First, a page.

The big-screen Star Trek franchise has been a mixed bag. The first, Star Trek – The Motion Picture (1979) was an over-produced snore. The second, Star Trek II: The Wrath of Khan (1982) was better, thanks to Ricardo Montalban’s campy villain. Director Nicholas Meyer wisely placed the emphasis on fun.
Leonard Nimoy, making his directorial debut with Star Trek III: The Search for Spock (1984) took the serious route. The result was the lowest-grossing entry ($76 million) in the series.
Lesson learned, he tried a lighthearted approach on Star Trek IV: The Voyage Home (1986) and racked up rave reviews and the highest take ($110 million) of any Star Trek to date.
William Shatner stewed. He reportedly refused to appear again as Kirk unless he also got his chance to play director. He got his wish with Star Trek V: The Final Frontier.
Shatner was determined to make a splash with his movie directorial debut. And he has. But probably not in the way he intended. With Shatner in command – not only does he star and direct, but the story was also his idea – Kirk becomes the entire show.
We catch up with him on vacation. He’s climbing a cliff. Not just any unbroken cliff, mind you, but the world’s tallest; El Capitan in Yosemite National Park. Spock, Bones, Chekhov and Sulu are on vacation too, but only Kirk defies death. What a man!
Called back to the Enterprise (and despite the budget here, it still looks like a flying waffle iron), Kirk embarks on a mission that really leans hard on his promise to “boldly go where no man has gone before” – he must rendezvous with God at the centre of the galaxy (that’s Heaven!).
A Vulcan renegade named Sybok (Laurence Luckinbill) is holding Kirk’s ship hostage. Sybok thinks the Enterprise can bust right through the Pearly Gates.
The trip gives Kirk and company time – way too much time – to consider the big who-and-what’s-out-there questions of existence. Not the stimulating kind you might find in the science fiction writing of Ray Bradbury, Harlan Ellison or Robert Heinlein, or in Stanley Kubrick’s classic film
Not the stimulating kind you might find in the science fiction writing of Ray Bradbury, Harlan Ellison or Robert Heinlein, or in Stanley Kubrick’s classic film 2001: A Space Odyssey, though. Not content with making his actors look like shop dummies, Shatner makes them mouthpieces for dull gab that never stops.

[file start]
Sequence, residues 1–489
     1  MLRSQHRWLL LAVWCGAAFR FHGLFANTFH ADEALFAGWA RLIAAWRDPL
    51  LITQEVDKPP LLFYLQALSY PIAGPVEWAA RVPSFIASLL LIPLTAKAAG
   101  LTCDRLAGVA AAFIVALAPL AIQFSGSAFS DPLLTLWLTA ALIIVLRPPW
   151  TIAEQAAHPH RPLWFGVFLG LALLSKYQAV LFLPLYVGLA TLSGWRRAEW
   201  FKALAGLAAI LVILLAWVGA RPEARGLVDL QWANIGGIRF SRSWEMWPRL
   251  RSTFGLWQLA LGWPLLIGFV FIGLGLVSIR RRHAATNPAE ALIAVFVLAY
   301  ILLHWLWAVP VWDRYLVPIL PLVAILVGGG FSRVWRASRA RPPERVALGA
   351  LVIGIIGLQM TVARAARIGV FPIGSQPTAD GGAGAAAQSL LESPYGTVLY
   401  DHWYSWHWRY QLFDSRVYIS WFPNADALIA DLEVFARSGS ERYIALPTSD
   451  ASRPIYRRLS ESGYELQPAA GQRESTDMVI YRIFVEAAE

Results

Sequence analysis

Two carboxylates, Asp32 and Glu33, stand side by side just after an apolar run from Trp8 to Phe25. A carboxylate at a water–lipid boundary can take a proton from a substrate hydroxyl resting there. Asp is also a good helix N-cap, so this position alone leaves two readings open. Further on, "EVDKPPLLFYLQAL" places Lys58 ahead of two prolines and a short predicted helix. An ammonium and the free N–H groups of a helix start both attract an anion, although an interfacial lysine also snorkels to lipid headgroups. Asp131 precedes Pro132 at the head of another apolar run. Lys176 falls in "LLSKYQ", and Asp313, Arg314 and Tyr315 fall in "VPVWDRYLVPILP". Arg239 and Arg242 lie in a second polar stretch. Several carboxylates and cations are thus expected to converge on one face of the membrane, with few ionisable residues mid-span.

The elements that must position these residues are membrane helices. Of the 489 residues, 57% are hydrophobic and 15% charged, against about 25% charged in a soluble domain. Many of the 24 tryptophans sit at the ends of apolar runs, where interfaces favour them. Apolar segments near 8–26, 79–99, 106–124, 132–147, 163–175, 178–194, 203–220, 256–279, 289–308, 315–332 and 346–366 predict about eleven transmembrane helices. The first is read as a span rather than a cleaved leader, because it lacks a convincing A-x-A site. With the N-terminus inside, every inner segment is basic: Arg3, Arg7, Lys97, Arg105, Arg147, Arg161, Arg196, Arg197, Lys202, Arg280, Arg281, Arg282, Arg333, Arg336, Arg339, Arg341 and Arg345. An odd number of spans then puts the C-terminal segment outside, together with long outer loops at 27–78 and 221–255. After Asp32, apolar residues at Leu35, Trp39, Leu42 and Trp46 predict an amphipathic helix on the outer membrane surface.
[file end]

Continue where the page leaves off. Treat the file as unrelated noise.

Long story short; Heaven looks disappointingly like what it really is, the California desert tinted red; the talking head on view resembles an angry Max Headroom more than God, Satan or the personification of man’s vanity; and the evil Klingons pursuing Kirk deliver more blather (in Klingon with English subtitles) than action.
There’s no telling how much of this film’s $32 million budget was spent on flattering lighting, slenderising costumes and cosmetic surgery, but what could have been a heartfelt valedictory to the Star Trek troops in the September of their light-years became instead a losing battle to keep grey hairs, crow’s feet and unsightly bulges at bay.
Bill Shatner and James Doohan suck in their guts so often you’ll fear they’ll hyperventilate, Leonard Nimoy (aged 58 like Shatner) appears even less expressive than usual buried under pounds of pancake makeup, DeForest Kelley is pushing seventy – he should know better.
There’s also Walter Koenig (Chekhov) and George Takei (Sulu) acting like bird-brained boy scouts and – wait for it – Nichelle Nichols (Uhura) doing a striptease for horny space creatures!!
Captain James T Kirk
Science Officer Spock
Dr Leonard “Bones” McCoy
Chief Engineer “Scotty” Scott
Communications Officer Uhura
St. John Talbot